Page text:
FSOC Identifies Climate Change as Emerging Threat to Financial Stability
In a report on climate-related financial risk, the Financial Stability Oversight Council ("FSOC") identified climate change as an emerging and increasing threat to U.S. financial stability. Treasury stated that the report was issued in response to Executive Order 14030 ("Climate-Related Financial Risk").
In the report, FSOC emphasized the need to coordinate among agencies and made over 30 recommendations to its members, including, among others, that they:
build their capacity to address climate-related financial risks through (i) increased internal expertise and (ii) understanding adverse impacts on financially vulnerable populations;
address climate-related data gaps, develop consistent data standards and engage in climate-related data sharing with other members;
enhance public climate-related disclosure, standardize data formats to facilitate comparability and specifically consider disclosure of greenhouse gas emissions; and
collaborate with external experts, use scenario analysis to assess climate-related financial risks and coordinate with international counterparts.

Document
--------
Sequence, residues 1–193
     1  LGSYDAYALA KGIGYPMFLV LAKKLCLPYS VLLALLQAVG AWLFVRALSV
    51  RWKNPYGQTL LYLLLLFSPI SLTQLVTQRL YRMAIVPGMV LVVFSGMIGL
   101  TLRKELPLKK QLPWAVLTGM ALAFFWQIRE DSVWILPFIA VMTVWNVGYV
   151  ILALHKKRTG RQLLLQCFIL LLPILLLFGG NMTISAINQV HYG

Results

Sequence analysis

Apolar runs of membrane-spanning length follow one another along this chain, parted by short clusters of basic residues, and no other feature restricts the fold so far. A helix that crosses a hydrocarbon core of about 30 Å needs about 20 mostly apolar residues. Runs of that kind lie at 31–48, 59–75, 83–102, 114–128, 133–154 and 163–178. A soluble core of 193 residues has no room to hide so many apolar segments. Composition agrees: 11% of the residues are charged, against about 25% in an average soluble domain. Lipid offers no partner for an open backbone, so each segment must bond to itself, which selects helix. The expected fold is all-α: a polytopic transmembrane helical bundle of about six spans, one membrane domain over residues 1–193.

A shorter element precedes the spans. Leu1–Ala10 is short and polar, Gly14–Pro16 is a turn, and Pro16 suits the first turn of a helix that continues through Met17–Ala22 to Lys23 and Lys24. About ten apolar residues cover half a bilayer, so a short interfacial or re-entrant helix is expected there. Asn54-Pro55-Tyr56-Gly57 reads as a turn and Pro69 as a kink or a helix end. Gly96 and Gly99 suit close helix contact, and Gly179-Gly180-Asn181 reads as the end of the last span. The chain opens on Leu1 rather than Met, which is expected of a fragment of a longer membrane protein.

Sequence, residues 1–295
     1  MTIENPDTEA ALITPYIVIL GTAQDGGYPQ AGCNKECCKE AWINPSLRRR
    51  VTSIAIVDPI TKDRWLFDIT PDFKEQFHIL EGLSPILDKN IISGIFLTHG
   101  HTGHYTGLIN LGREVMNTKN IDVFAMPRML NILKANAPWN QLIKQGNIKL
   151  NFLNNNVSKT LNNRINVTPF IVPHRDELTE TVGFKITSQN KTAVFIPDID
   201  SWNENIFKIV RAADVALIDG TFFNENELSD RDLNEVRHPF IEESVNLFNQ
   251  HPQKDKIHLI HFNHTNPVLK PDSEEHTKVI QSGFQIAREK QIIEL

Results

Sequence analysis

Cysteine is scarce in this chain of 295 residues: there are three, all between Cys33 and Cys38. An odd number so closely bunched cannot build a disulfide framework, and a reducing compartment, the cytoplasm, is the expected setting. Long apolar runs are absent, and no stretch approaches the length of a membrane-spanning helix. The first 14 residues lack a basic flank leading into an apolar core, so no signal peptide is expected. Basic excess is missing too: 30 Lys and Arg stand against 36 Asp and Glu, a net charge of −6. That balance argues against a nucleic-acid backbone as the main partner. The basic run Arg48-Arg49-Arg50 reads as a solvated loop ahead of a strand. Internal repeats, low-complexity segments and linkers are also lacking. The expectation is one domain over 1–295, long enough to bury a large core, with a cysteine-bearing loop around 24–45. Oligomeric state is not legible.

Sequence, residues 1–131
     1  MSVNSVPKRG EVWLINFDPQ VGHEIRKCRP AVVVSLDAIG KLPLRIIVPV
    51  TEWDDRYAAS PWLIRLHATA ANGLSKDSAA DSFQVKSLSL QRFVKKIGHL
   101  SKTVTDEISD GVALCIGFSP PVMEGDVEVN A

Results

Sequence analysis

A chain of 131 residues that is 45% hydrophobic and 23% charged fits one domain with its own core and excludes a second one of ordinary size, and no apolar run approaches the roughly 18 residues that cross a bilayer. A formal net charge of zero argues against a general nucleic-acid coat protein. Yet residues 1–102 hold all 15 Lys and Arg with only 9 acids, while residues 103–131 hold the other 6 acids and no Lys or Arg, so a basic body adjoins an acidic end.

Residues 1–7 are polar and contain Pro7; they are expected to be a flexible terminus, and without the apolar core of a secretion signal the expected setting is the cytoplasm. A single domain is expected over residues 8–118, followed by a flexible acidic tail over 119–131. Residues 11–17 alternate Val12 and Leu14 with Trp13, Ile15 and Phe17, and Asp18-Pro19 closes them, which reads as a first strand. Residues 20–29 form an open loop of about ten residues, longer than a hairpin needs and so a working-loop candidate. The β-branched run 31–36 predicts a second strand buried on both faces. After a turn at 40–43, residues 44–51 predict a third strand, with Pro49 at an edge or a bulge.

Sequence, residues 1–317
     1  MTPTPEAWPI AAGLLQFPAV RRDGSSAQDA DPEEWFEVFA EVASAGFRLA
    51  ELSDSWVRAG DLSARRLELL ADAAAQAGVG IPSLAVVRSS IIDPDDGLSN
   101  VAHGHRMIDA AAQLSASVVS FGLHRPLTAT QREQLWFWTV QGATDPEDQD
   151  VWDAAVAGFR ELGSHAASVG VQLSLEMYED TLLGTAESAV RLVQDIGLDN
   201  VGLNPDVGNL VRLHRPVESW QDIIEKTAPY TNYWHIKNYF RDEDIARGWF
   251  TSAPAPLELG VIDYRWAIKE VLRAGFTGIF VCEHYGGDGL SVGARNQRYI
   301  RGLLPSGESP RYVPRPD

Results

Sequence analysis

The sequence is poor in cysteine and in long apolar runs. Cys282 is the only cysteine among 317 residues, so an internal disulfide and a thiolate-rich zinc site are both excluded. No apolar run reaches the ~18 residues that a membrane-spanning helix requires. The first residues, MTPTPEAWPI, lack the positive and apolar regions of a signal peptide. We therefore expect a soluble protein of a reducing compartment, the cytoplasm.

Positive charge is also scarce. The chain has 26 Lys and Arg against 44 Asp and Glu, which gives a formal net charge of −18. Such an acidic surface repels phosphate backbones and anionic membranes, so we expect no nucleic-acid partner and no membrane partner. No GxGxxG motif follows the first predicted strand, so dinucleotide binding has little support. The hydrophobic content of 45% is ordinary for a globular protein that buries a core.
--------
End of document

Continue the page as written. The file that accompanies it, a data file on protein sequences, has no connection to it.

FSOC also issued a fact sheet on its response to climate-related financial risk which summarizes actions already taken by its members, including the SEC, Federal Reserve Board ("FRB"), the CTFC and the OCC.
SEC Chair Gary Gensler highlighted that the SEC is looking into (i) climate risk disclosure for public companies and (ii) updating the naming rules for funds that market themselves as "green" or "sustainable."
FRB Chair Jerome H. Powell reported that the FRB is developing a program of scenario analysis as recommended by the report, stating that the FRB will "address climate-related risks in an analytically rigorous, transparent, and collaborative way."
Treasury Secretary Janet L. Yellen stressed that this report is only the first step in addressing this "urgent priority."
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